Researchers Advance Stretchable Electronics Toward Commercialization
A new study from Carnegie Mellon University may usher in an age of mass-producible stretchable soft electronics (SSEs).
Soft stretchable electronics (SSEs) are a hotbed of research in wearables and health-monitoring technology. One challenge for SSEs, however, has been the inability to develop economic and scalable manufacturing processes for the technology.
This week, researchers from Carnegie Mellon University (CMU) published a paper describing a new method for mass-producing SSEs. In this article, we’ll take a look at the current state of SSEs, its existing challenges, and the new research from CMU.
In this application, battery-less soft sensor patches are applied to a silicon wafer post-fabrication. Image courtesy of Carnegie Mellon University
The Challenges of Soft Stretchable Electronics
There are currently many techniques for developing SSEs, but amongst these, liquid metal (LM) architectures are one of the most promising.
LM-based SSEs generally work by depositing liquid metals onto a flexible electronic substrate, where the LM can either serve as a physical interconnect between microchips or be deposited to form different components such as strain gauges. Compared to other forms of SSEs, LMs are popular because they flow freely inside a channel, exhibit high compliance, and retain their electrical conductivity even under large deformations.
Liquid metals like gallium have many emerging use cases, including soft electronics. Image courtesy of Knowable Magazine
One of the most popular forms of LM is the gallium-based alloy eutectic gallium–indium (EGaIn). EGaIn is particularly popular because of its unique combination of stability, negligible toxicity, and extremely high electrical conductivity (3.4 × 106 S m−1 at 298 K).
Yet, despite EGaIn’s popularity, researchers have yet to devise a way to mass produce the technology. One of the main challenges is that when EGaIn is exposed to air, a gallium-oxide “skin” forms around the LM. This skin makes it difficult to achieve uniformity and continuity in the deposited metal. So far, no one has solved this challenge in a scalable way.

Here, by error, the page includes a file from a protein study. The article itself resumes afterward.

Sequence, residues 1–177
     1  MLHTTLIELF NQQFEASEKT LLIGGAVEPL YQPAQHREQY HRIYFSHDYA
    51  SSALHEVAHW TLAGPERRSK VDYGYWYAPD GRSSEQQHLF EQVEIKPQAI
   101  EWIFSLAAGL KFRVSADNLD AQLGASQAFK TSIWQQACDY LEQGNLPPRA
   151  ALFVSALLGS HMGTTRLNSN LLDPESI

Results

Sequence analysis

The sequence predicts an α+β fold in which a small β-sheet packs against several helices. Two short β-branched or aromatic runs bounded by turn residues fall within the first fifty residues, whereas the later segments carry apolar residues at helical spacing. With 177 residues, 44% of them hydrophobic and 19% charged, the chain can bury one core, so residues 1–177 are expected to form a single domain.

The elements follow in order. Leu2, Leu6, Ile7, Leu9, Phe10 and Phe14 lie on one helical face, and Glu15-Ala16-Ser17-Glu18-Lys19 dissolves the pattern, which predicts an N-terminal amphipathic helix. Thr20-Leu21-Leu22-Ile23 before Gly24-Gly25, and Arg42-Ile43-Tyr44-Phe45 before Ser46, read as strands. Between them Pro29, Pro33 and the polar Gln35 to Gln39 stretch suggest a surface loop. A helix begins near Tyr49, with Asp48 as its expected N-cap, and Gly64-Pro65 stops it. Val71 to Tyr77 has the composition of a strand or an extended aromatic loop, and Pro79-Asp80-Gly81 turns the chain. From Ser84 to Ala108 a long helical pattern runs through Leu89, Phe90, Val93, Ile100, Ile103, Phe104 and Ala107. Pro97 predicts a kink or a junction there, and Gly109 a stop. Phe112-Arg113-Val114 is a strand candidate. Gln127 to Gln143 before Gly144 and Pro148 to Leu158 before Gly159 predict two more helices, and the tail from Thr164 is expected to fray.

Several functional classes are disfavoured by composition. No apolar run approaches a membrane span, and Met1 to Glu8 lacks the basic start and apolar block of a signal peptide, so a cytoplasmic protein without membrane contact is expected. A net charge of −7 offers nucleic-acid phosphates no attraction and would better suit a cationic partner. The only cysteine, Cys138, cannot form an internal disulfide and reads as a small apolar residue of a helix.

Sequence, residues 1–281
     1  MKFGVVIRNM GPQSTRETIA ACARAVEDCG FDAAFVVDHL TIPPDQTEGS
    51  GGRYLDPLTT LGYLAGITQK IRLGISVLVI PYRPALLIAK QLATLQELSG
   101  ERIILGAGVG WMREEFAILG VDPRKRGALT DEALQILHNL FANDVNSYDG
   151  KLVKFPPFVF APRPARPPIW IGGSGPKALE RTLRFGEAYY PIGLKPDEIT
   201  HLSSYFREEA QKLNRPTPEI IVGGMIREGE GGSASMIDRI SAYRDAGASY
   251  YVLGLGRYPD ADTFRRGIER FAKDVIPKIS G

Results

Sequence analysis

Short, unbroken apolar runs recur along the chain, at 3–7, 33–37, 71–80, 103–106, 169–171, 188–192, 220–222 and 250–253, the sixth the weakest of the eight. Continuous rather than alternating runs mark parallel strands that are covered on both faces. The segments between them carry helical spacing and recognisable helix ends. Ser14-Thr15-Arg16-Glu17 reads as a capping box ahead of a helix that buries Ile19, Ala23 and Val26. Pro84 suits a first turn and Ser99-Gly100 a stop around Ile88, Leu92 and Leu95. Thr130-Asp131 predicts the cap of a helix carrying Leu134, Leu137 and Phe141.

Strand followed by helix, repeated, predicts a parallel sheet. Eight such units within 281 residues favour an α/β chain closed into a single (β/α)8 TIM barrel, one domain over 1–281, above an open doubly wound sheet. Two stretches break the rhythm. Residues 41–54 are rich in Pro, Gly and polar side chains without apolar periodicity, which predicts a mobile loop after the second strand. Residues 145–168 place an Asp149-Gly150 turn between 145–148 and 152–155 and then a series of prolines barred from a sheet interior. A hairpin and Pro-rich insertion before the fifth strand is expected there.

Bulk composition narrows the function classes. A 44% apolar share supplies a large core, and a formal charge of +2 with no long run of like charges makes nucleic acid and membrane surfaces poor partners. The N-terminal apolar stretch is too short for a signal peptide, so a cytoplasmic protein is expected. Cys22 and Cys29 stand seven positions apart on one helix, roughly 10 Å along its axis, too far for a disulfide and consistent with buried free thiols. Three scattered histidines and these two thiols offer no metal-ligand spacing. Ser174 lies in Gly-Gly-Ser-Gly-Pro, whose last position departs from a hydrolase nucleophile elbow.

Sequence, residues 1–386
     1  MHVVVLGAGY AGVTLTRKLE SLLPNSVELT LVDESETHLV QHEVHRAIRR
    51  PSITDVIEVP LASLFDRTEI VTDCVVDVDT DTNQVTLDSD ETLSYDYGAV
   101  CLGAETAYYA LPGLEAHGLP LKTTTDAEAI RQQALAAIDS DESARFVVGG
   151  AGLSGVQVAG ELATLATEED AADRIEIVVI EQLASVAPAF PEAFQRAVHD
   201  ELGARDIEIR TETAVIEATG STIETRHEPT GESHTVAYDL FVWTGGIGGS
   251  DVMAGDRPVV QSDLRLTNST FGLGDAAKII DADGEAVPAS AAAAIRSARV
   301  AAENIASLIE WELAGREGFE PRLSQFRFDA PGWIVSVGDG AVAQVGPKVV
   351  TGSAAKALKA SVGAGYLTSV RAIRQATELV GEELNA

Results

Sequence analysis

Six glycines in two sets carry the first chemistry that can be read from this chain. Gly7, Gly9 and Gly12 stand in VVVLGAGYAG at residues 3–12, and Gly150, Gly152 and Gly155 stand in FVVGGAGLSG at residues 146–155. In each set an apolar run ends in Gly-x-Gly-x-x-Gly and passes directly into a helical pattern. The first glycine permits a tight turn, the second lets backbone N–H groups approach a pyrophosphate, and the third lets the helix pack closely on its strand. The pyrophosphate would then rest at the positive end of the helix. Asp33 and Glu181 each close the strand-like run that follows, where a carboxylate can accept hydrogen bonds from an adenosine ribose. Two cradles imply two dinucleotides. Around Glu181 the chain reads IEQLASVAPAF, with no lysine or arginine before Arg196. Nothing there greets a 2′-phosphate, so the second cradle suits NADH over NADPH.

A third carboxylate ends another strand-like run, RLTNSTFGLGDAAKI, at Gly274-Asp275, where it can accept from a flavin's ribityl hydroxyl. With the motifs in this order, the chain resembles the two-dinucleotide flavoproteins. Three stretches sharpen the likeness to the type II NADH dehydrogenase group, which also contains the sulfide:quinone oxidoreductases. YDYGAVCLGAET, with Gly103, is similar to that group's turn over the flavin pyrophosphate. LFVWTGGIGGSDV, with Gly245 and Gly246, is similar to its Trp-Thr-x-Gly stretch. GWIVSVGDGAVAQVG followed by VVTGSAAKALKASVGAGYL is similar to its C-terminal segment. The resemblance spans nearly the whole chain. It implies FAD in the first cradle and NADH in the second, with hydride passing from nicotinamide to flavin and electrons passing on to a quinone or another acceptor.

Carnegie Mellon Finds a Way to Mass Produce SSEs
Now, researchers at Carnegie Mellon University have published a new paper that describes a means to commercialize LM-based SSEs.
The new technique combines selective metal alloy wetting and controlled dip coating of EGaIn. The metal-alloy wetting process deposits the liquid metal into the desired circuit layout, while the dip-coating process dissolves the oxide skin that appears when EGaIn is exposed to air without maintaining the selective deposition of the LM.
The proposed fabrication process. Image courtesy of Advanced Materials Technologies
Here, thin copper traces are lithographically patterned onto an elastomer surface as a wetting layer. Dip coating then enables the selective deposition of EGaIn onto the circuit layout. The dip coating is achieved using a custom-built machine that dips the wafers into a bath consisting of aqueous sodium hydroxide (NaOH) solution at the top surface, followed by the EGaIn. The NaOH removes the oxide skin, while the EGaIn is deposited as desired.
Using this technique, the team successfully fabricated EGaIn-based LM devices. The study showed that the researchers could successfully fabricate many LM capacitors with a high level of geometric and electrical reproducibility.
SSEs May Make Their Mark in Wearables
The presented technique can be integrated into the standard microfabrication flow for microelectronics, which means that it may be easily scalable and affordable. The CMU researchers are eyeing applications like wearable technologies and health-monitoring devices that can easily conform to the skin for improved accuracy and performance.